Monday, July 21, 2014

Blue Moon, You Saw Me Standing Alone

Blue Moon blogging,

from Rogers and Hart (1934)
to Elvis (1954)
to the Cowboy Junkies (1987),

essay 1 of 2

Let’s consider the song “Blue Moon” as a work in progress:

Version 1:  Rodgers and Hart in 1934

Eighty years ago, composer Richard Rodgers nailed the melody of “Blue Moon” first time out.  He tossed it off, genius-style.

Richard Rodgers, seated, and Lorenz Hart.
From Wikimedia Commons.
Lorenz Hart, a genius in a different vein, struggled with lyrics to fit the tune.  His first three efforts were clever but not magical.  The whole package didn’t click.  On his fourth try, Hart uncharacteristically delivered a nearly straight love song.  He couldn’t resist some shades of irony from entering—it was his natural default—but the new words described a formulaic situation (boy meets girl, love-at-first-sight) in an openly sentimental way.

This was the version of “Blue Moon” that became a beloved standard.  The song opens from the perspective of a lonely guy, with the initial emphasis falling on the “blue,” or sad, nature of the moon.  But blue moon riffs on the idea of a rare moment as well, and the classic once-in-a-lifetime moment occurs on the song’s bridge:

And then there suddenly appeared before me,
The only one my arms will ever hold
I heard somebody whisper, “Please adore me.”
And when I looked,
The moon had turned to gold.

The last verse revels in the new-found prospect of eternal love:

Blue moon,
Now I’m no longer alone
Without a dream in my heart
Without a love of my own.

That’s about as happy-ever-after as things get in a song.

While this version of “Blue Moon” became hugely popular, I like to think that there has always been a disconnect between music and lyrics.  Rodgers’ original melody hinted at depths that Hart’s lyrics evaded.

Version 2: Elvis Presley in 1954

Memphis, Tennessee:  In the aftermath of their regionally popular recording of “That’s All Right,” a 19-year-old kid named Elvis Presley, producer Sam Phillips of Sun Records, and guitarist Scotty Moore were poking and prodding “Blue Moon,” trying to find an Elvis song in the old standby.  Elvis, Scotty, and bassist Bill Black played “Blue Moon” late into the night and quit unsatisfied.  The recordings went into storage.

Elvis in 1956.
A month later in August 1954, they tried again.  But Phillips remained unenthusiastic about the approach and declined to release the song.  When the major label RCA signed Elvis 18 months later, they took the Sun recordings, too.  Culled from the August 1954 session, “Blue Moon” was released in 1956 on Elvis’ first RCA album, the classic Elvis Presley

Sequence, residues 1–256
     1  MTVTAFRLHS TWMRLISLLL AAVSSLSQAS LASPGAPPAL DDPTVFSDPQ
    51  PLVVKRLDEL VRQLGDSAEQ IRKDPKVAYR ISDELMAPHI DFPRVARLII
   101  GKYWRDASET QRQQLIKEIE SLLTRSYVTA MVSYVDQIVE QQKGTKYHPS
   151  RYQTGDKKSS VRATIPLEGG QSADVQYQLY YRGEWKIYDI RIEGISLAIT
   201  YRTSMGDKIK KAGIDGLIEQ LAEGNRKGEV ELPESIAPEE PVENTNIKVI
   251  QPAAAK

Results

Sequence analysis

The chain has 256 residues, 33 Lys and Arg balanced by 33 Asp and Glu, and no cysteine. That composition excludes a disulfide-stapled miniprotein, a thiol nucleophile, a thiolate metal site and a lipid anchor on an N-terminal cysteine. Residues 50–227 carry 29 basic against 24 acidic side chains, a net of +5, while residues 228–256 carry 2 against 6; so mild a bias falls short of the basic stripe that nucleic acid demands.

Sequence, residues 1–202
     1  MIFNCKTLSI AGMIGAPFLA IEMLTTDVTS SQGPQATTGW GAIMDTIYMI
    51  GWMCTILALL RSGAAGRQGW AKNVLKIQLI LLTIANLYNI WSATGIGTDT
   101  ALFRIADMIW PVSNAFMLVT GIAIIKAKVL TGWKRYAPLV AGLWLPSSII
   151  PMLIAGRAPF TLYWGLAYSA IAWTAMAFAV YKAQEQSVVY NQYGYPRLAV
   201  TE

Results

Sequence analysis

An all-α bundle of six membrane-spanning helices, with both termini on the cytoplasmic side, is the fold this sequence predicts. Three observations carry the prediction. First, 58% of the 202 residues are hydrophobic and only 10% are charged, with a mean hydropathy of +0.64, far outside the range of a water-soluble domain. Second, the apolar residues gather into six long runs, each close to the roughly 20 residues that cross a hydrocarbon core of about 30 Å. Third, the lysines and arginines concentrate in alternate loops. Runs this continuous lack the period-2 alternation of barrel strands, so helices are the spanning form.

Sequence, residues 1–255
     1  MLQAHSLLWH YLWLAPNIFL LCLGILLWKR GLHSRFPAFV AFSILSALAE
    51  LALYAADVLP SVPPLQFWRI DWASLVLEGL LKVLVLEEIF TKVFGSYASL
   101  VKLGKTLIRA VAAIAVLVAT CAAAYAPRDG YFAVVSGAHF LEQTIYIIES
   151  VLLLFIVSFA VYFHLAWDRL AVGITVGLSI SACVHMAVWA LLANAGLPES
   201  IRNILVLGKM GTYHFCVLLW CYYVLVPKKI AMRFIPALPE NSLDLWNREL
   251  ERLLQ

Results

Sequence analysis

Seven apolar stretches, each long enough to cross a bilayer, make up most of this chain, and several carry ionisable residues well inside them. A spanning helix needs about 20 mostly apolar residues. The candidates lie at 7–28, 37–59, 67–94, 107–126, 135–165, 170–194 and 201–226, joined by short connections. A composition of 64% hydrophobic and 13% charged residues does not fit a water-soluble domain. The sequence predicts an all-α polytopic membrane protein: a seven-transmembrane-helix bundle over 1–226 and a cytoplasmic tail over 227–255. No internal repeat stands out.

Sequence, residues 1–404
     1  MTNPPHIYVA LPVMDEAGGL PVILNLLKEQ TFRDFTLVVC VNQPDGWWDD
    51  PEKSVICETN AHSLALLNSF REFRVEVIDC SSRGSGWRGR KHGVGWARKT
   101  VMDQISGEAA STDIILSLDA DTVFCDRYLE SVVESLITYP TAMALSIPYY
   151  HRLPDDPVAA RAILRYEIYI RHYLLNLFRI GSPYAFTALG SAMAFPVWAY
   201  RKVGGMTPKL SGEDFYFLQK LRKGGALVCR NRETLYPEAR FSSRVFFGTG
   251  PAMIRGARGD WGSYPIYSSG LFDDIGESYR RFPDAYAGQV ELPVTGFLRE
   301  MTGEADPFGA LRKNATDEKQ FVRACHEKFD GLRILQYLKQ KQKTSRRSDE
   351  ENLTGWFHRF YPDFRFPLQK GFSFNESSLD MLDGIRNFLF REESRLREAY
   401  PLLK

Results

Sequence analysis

Elvis’ version never gets past the first half of the Rodgers and Hart song.  He sings the first two verses and then repeats them.  This means he never gets to the bridge or the third verse, where the lovers meet.  Without the love-at-first-sight climax, all that’s left is the yearning for love.  Happiness is replaced by melancholia.

And melancholia is Presley’s gift to the Rodgers and Hart song, with Elvis punctuating the melody with a falsetto wail that I think is heartbreaking but my daughter finds creepy.  In either case, it represents a radical reinterpretation that locates a sadness in the Rodgers tune that never found voice in Hart’s lyrics.

Version 3:  The Cowboy Junkies in 1987

In 1987, a Canadian indie rock band called the Cowboy Junkies refashioned the stripped-down Elvis version of “Blue Moon,” adding a framing story to explain the sorrow.  They called it “Blue Moon Revisited (Song for Elvis)” and it can be found on their 1988 album The Trinity Sessions.

Margo Timmins, lead singer of the
Cowboy Junkies.
The Elvis “Blue Moon” was an odd hybrid of country and blues, taking things in a different direction than the rockabilly of the early Elvis hits.  This was an idiom that the Cowboy Junkies felt comfortable exploring.  From the outset, their music was low-key, thoughtful, and unabashedly pessimistic.  For their second album, they rented the Church of the Holy Trinity in Toronto for a day, gathered around a single microphone and played their music.

The implied loss in the Elvis version finally becomes explicit in “Blue Moon Revisited.”  Elvis’ eerie falsetto wailing becomes linked to the death of a lover:

You see I was afraid
To let my baby stray
I kept him too tightly by my side
And then one sad day he went away and he died.

Reference Sources

Rodgers and Hart by Samuel Marx and Jan Clayton
Last Train to Memphis: The Rise of Elvis Presley by Peter Guralnick

© 2014 Lee Price

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